The title is evocative, even shocking: “Why (some) Jews spit on goys? It is under this title that a conference was held on Friday, June 16 in Jerusalem aimed at understanding the acts of violence, on the increase, against non-Jews in the Holy City.
However, it almost didn’t happen. Indeed, a media pressure campaign led by Arieh King, one of the city’s seven vice mayors, known for his hostility to the Christian presence in Jerusalem, forced the Tower of David Museum, where she was to have place, to cancel the event. Finally, it was the Armenian seminar that received a reduced number of participants.
In the eye of the storm, Yisca Harani, a Jewish scholar. Energetic woman, whose deeply pious father was also a renowned intellectual and one of the founding forces of interreligious encounter in Jerusalem. Yisca Harani knows Christians well; she rubs shoulders with the monastic communities in the Holy City and often shares their daily life. As a researcher, she has also witnessed the physical, psychological and verbal violence to which people recognized as Christians are subjected. “I became an activist in my own right,” she explains.
This conference on the rise of a climate of violence was an opportunity to launch a line to identify these incidents. Victims do not, for example, often file a complaint after a spat, even less when his stay in Israel depends on the goodwill of the authorities. Yisca Harani believes, however, that at least one attack per day takes place in Jerusalem, if not more.
“I think Arieh King found himself in a bad spot after targeting evangelicals,” said one of the conference organizers. Indeed, on May 30, he had led a small team of teenagers to demonstrate in front of the Western Wall in Jerusalem against a group of Zionist evangelical Christians. “Go home, missionary,” chanted the demonstrators. According to this same source in the organization, Arieh King would have taken the pretext of holding this conference to fuel his arguments on anti-Semitism and the defense of Jewish identity which would be threatened even from within.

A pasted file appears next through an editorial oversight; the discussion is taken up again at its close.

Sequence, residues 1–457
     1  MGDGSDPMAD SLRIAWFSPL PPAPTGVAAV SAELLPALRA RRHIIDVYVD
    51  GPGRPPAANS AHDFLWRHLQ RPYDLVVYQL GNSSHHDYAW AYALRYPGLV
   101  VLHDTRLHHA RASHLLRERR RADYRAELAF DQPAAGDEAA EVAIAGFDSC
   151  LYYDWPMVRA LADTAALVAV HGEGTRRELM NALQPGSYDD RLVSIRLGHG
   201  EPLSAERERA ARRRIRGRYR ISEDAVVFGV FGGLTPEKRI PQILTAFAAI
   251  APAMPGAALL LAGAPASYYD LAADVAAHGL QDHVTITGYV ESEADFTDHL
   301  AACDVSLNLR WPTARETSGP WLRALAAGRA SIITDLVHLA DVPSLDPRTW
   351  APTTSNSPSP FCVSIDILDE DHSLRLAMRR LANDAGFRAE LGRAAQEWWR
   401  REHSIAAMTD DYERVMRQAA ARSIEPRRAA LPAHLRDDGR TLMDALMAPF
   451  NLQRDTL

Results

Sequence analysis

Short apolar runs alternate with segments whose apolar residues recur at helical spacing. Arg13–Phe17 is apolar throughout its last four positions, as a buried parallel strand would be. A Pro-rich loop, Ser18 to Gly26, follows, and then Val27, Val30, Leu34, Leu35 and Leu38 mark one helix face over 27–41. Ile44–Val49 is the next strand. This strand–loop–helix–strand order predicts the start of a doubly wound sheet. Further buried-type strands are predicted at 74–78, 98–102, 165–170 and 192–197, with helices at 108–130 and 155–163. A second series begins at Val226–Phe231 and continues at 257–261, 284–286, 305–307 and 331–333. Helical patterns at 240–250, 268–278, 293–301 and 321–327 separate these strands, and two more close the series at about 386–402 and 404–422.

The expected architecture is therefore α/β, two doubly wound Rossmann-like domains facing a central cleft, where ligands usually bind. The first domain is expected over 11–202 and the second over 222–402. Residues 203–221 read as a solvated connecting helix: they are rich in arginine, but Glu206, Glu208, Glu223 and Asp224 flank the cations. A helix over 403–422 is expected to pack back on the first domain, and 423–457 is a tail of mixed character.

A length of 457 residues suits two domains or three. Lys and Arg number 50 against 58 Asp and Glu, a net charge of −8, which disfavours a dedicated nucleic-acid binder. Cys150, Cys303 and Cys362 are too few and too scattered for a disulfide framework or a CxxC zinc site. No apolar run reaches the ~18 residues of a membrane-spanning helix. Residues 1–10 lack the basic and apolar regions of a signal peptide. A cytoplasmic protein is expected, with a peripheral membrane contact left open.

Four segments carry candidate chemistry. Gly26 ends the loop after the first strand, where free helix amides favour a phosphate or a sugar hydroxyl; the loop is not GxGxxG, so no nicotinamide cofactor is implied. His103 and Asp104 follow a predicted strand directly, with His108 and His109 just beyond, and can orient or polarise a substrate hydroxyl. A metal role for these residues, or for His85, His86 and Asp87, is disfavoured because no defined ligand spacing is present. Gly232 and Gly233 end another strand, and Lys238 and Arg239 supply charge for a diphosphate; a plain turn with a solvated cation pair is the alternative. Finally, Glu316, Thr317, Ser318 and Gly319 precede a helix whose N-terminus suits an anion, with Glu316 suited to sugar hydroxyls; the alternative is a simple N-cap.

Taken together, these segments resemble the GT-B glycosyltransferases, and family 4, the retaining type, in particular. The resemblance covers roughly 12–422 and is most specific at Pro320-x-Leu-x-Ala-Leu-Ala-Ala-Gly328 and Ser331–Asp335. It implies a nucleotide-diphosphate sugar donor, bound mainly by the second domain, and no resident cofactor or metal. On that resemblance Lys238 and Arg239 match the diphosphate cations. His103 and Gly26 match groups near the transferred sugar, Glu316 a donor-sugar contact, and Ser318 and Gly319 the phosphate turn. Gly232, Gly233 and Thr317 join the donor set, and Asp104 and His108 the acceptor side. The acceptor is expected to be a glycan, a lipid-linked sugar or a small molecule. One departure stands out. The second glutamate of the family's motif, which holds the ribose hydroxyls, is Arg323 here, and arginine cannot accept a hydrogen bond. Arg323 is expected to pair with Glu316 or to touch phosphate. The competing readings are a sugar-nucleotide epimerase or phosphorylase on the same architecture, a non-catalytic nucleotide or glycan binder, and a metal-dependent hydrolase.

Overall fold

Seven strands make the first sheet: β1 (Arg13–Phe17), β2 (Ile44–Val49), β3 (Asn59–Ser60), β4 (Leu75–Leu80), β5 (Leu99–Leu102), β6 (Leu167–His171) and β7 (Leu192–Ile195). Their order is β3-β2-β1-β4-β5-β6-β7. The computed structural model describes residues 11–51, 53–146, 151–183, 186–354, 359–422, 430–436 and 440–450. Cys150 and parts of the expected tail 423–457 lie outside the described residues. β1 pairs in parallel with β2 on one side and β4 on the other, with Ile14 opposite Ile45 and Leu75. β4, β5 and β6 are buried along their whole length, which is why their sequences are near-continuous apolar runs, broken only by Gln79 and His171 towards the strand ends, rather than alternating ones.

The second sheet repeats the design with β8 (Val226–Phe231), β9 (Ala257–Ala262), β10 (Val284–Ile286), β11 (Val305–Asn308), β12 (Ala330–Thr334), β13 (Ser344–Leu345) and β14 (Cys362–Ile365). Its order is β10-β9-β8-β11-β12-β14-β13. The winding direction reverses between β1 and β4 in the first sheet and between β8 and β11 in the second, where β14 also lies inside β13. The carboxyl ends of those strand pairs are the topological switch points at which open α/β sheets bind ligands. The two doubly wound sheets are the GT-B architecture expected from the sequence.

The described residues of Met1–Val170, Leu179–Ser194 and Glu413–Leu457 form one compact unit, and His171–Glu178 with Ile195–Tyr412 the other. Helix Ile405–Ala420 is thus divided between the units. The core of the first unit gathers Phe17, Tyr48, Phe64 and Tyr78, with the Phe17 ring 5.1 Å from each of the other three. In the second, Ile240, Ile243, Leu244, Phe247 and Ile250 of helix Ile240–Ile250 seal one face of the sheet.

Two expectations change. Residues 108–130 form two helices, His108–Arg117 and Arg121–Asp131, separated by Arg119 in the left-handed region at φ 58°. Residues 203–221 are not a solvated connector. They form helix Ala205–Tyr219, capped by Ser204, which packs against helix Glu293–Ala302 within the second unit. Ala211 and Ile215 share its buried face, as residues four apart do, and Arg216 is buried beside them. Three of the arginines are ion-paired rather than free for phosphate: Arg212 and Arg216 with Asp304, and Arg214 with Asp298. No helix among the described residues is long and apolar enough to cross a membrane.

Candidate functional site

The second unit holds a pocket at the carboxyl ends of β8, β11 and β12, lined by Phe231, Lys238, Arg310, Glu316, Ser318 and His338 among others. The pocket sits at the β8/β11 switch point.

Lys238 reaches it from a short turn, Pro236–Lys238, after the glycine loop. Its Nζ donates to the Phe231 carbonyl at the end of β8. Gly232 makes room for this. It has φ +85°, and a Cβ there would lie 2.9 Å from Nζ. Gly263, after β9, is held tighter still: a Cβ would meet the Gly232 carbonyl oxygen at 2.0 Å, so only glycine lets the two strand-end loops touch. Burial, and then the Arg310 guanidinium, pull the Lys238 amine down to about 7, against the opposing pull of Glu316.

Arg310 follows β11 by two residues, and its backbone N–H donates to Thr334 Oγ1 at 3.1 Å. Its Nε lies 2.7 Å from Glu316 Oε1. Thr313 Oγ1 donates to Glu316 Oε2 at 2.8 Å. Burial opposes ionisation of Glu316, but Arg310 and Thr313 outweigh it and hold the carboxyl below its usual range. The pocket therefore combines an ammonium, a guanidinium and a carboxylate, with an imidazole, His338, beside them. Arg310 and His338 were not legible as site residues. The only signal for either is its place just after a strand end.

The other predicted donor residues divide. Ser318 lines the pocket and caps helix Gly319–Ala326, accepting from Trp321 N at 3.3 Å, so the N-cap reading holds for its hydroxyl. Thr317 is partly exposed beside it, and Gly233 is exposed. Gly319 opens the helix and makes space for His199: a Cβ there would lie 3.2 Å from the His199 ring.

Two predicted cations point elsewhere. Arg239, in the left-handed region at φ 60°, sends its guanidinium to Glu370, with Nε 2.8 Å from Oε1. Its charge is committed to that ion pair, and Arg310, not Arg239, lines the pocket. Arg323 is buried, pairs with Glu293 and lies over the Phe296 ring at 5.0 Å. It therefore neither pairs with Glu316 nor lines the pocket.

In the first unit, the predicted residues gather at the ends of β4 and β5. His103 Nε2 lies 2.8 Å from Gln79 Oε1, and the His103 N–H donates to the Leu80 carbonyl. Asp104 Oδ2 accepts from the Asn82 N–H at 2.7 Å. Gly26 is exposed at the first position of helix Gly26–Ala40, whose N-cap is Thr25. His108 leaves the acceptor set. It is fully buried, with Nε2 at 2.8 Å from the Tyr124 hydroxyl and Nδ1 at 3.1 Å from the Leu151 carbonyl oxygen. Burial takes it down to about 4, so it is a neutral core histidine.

The historical origins of the fear of Christians, which encourages these reflexes of hatred, are nourished by violence and anti-Semitism, but also by the resilience of the Jewish people in their perpetual status as a minority in history. A status that the State of Israel has modified. “Today, the Jewish people must adapt to their role as the majority”, insists Karma Ben-Yohanan, professor at the Hebrew University of Jerusalem, to break what she calls “the circle of fear”. .
The various observers recognize, however, that these attacks against Christians, which aim to gradually erase their presence and silence their representatives, are the work of a radical minority and that they are immoral and illegal in the name of Jewish religious law. For Alon Goshen-Gottstein, a rabbi involved in interreligious dialogue, “we have to find solutions at the source, in education, in the atmosphere in which children grow up”.
However, the national political climate in Israel does not seem conducive to this. “Violence is increasing partly because of our new far-right government. He encourages action, even indirectly,” worries Yossi Havilio, another vice-mayor of Jerusalem, with a centrist leaning, who came to the conference as a sign of solidarity.
Especially since the phenomenon seems to be increasing. Thursday, June 15, a stone thrown by a man who was arrested shattered a stained glass window in the Cenacle of Jerusalem, on Mount Zion. Earlier, the names of Christian places had been crossed out with a marker on an information board at the entrance to the Old City. And these acts go beyond Jerusalem. For two weeks, the Stella Maris monastery in Haifa has faced the intrusion of ultra-Orthodox Jews who ostensibly come to pray in the church’s grotto. Sunday, June 18, hundreds of people gathered in front of the church in support of the Carmelites.